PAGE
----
War Reporting By the Book

For most Americans, reporting by journalists embedded in war zones with our troops is the primary way we learn about our military men and women and the issues and challenges of serving in the armed forces. Only 0.4 percent of U.S. citizens (or 1.4 million people) are currently serving as active-duty service personnel, and only 6.9 percent of Americans (or 22 million men and women) are military veterans. The journalists who tag along with America’s soldiers, sailors, airmen and Marines – through wartime and peace – connect us with these important topics.

We’ve rounded up 10 great books about some of the best military, war and defense reporters in the business to help you learn more about America’s wars and war correspondents.

Directorate S: The C.I.A. and America’s Secret Wars in Afghanistan and Pakistan by Steve Coll

Steve Coll is the recipient of two Pulitzer Prizes and is the dean of the Columbia University Graduate School of Journalism, so he’s got the best journalism bona fides a writer could ask for. But he’s also an expert on terrorism and the war in Afghanistan, thanks to his nearly three decades covering South Asia. In Directorate S, Coll explores the failures of the war in Afghanistan after 9/11 and how the United States’ inability to understand the motivations of Pakistan’s intelligence operation, Directorate S, caused much of the U.S. effort to go sideways.


In Extremis: The Life and Death of the War Correspondent Marie Colvin by Lindsey Hilsum

Marie Colvin’s life story is the subject of the new movie A Private War, currently in theaters, but her life and work are too grand to be fully captured in only two hours on the silver screen. Colvin died at war, killed in an artillery attack in Syria in 2012, at age 56. Her life took her around the world to cover wars and crises, starting in 1986, when she became the Middle East correspondent for The Sunday Times. Over nearly 30 years, Colvin covered wars across Europe, Africa and the Middle East, and has been heralded as a hero not only of her profession, but to women and children in East Timor, where she is credited with saving more than 1,500 people during a battle in 1999. Author Lindsey Hilsum’s tireless research, brings vivid color to Colvin’s extraordinary life story.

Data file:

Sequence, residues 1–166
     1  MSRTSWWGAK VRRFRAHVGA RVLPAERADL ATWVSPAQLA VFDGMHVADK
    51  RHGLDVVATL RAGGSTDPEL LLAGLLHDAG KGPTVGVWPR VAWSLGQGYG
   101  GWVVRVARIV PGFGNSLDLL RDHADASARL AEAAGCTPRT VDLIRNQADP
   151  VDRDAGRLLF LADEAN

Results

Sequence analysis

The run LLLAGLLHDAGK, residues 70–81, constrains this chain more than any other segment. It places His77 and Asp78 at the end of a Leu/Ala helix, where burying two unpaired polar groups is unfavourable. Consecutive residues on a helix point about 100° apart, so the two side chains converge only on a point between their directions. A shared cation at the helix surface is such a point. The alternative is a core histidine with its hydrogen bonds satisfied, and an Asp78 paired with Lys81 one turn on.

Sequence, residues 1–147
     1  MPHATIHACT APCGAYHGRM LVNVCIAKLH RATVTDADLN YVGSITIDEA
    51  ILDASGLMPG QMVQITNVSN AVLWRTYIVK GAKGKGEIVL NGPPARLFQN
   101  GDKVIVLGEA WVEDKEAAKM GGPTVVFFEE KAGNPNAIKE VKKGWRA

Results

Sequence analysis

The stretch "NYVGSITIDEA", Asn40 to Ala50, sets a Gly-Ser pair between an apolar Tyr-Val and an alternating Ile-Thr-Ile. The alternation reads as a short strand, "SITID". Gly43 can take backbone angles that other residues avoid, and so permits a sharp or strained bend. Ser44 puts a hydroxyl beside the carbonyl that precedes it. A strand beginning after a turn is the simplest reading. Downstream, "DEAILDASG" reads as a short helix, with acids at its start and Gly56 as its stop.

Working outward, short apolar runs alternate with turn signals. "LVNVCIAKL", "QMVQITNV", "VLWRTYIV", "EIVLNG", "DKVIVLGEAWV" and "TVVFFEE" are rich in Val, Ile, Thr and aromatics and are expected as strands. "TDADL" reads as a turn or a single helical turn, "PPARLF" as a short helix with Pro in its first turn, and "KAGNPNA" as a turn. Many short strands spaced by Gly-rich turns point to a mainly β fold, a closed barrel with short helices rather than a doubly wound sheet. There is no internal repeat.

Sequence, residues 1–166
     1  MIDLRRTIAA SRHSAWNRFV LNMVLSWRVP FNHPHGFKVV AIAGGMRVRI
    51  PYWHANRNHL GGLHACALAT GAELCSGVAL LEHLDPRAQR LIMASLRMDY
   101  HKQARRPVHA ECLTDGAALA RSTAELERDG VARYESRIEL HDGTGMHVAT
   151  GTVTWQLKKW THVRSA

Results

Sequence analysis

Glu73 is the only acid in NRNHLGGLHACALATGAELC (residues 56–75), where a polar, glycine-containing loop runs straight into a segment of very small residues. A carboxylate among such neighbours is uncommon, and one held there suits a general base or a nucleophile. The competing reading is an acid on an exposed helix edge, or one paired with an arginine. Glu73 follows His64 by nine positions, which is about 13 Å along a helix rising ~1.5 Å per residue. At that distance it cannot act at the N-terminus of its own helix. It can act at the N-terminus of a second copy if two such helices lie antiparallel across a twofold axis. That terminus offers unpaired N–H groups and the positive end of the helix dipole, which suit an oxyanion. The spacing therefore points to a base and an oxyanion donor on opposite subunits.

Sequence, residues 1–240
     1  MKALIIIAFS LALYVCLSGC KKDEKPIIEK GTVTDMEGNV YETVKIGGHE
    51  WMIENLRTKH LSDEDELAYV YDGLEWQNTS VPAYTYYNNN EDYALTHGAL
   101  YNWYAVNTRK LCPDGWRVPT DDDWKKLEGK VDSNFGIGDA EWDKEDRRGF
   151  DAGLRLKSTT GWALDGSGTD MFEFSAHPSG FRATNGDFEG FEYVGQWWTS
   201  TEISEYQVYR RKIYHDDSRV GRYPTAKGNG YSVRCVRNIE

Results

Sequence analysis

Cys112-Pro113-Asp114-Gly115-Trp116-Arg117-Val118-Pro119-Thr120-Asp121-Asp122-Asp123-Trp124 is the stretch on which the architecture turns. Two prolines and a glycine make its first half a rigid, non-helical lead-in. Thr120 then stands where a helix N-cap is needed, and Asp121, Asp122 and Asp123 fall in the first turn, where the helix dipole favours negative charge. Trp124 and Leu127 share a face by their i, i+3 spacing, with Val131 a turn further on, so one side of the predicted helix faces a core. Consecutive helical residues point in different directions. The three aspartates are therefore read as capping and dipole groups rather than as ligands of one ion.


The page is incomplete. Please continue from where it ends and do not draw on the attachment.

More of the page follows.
The AEF in Print: An Anthology of American Journalism in World War I edited by Chris Dubbs and John-Daniel Kelley

This collection of reporting from the First World War covers every moment of the U.S. public’s experience of the war “over there,” from the day U.S. involvement began, on April 6, 1917, to the Armistice of November 11, 1918. Perfect reading for those celebrating the ceasefire’s centennial, the articles in this anthology cover everything from the sinking of the SS Tuscania to first-hand accounts of battle and life at sea for members of the U.S. Navy.


Once There Was a War by John Steinbeck

Though already a renowned writer by the time World War II began, Steinbeck nonetheless decided to head to war as a correspondent for the New York Herald Tribune in 1943. He traveled across North Africa and Italy with American troops, and even survived the Blitz in London while reporting about the lives of the men he was traveling with. He wrote stories about battles, but also about daily life, from seeing the USO tours with the men to chatting with them at chow time, creating a truly comprehensive view of life during the Second World War.


And Then All Hell Broke Loose: Two Decades In the Middle East by Richard Engel